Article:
#8 in my ranking of John Ford’s filmography.
John Ford knew he was getting old. You don’t make this kind of movie if you think you’re young. The story of a long serving mayor of “a New England city” and his latest run for re-election, it’s about looking back at a full life full of both friends and enemies and finding some kind of peace in a world that’s changing all around you. Anchored by the wonderfully affable performance of Spencer Tracy that ends up giving surprising gravity to the film in the end, The Last Hurrah is a vivacious and heartfelt film.
Mayor Frank Skeffington (Tracy) is facing two major candidates in his re-election for mayor. There’s the long standing city councilman Charles J. Hennessy (Wallace Ford), portrayed as a bit of a crank on the sidelines who runs all the time, and Kevin McCluskey (Charles Fitzsimons), a young political neophyte with the right kind of background that sounds good backed by the powerful newspaper editor Amos Force (John Carradine). Working for Force is Frank’s nephew Adam Caulfield (Jeffrey Hunter) who works the sports beat and has no real interest in politics. When Frank invites Adam to follow his campaign, just as an observer of how things are in the campaign, Adam accepts and tags along.
An interesting element of the story, based on the novel by Edwin O’Connor, is that the actual politics have been drained completely. There is no mention of political parties or policy beyond Frank wanting to level a slum (where he grew up) and replace it with something nicer, something the bankers of the city are denying the city the money for until Frank is out of office. Politics in this movie is a personal, team based exercise, as Frank explains to Adam. Force’s antipathy against Frank probably has as much to do with some event between Frank’s mother and Force’s father when she worked for him as a servant and stole something decades ago as with any policy. This seems to do one thing at first: eliminate any potential rancor from the audience when bringing up politics in a film. However, it becomes obvious by the end that it’s actually for a different reason.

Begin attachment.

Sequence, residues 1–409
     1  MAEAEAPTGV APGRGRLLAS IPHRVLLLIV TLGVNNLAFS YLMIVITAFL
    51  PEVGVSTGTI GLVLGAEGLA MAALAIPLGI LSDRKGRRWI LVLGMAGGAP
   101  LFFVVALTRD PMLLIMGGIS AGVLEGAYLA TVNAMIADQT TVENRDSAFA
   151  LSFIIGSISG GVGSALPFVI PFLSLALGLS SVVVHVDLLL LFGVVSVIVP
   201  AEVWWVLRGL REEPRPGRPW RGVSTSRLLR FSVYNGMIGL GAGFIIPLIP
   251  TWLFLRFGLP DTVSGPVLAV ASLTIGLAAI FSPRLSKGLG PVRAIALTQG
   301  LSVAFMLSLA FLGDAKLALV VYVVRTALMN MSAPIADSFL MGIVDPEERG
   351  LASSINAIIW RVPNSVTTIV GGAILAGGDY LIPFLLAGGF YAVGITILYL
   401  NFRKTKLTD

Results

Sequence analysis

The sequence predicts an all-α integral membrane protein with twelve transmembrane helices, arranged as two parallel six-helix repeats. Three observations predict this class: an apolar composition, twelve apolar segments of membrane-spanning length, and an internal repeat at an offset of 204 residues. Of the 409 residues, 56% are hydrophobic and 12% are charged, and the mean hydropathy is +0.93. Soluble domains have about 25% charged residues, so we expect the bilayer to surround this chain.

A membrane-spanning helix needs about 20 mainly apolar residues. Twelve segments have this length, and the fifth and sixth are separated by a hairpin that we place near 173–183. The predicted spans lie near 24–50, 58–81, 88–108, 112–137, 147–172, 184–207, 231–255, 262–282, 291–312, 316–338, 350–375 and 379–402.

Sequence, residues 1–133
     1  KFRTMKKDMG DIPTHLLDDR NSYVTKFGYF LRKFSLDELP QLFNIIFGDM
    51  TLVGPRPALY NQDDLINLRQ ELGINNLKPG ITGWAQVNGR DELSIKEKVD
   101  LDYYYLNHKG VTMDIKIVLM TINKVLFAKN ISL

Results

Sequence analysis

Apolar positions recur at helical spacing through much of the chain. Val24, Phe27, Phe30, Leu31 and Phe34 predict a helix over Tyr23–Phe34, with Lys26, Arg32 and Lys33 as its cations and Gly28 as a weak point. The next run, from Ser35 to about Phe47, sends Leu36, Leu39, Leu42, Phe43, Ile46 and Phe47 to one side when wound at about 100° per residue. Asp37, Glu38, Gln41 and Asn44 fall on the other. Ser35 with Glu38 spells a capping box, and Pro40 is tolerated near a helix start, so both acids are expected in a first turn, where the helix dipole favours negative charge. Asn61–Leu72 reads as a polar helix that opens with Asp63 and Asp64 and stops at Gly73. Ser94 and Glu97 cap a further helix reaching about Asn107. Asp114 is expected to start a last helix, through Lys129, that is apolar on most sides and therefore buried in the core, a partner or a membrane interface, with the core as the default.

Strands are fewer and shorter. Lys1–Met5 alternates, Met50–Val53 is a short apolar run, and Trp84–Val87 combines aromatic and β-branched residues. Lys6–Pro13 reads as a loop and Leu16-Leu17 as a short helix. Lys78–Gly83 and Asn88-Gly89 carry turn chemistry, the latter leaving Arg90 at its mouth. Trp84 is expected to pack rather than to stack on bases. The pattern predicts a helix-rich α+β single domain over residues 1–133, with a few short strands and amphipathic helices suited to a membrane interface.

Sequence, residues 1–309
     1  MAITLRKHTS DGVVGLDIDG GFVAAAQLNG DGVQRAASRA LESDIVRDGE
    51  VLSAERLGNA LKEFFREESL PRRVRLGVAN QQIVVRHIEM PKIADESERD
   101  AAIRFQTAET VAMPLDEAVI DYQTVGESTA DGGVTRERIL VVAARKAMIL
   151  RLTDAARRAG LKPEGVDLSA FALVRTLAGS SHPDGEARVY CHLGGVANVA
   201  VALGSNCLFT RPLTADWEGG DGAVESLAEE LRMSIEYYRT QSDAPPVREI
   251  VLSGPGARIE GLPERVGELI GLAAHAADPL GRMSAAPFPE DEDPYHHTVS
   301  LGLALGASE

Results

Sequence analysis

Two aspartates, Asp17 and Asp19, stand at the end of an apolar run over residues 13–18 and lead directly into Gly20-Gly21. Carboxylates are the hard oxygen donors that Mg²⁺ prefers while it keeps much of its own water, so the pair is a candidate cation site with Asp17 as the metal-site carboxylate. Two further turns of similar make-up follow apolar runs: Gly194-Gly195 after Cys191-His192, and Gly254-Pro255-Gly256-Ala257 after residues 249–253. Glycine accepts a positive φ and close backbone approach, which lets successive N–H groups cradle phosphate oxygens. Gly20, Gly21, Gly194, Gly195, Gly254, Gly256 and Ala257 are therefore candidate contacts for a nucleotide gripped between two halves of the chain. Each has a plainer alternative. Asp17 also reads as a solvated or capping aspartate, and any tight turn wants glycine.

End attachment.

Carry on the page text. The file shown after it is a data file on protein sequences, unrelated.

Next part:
The key is that Frank loses the race. After all of the old fashioned work he puts into the race, going to the wake of a local no-good old friend and turning it into a de facto political meeting with the added benefit of demonstrating to the grieving widow that her husband was well-loved, a pleasant fiction for her in her time of sorrow. It’s the kind of hands-on approach he has taken for years which contrasts with how McCluskey runs his campaign, through Force’s newspaper and on television. There’s a sequence where McCluskey gets interviewed in his home, and it reminded me of Fellini’s later Ginger and Fred. Both were made by men well-versed in the visual language of film, and both seemed somewhat confounded by the rise of television. Fellini’s take focused on the variety show, and Ford’s focuses on the obviously fake televised interview meant to imply intimacy with someone. McCluskey rented a dog that won’t stop barking that he looks at with complete disdain. His wife has to read off of cue cards and does it very badly. After having described the children as being just put down to bed, Mrs. McCluskey invites them in, and they’re all dressed in their finest little suits and dresses. It’s kind of hilariously inauthentic, and we watch flabbergasted that this could ever work on anyone.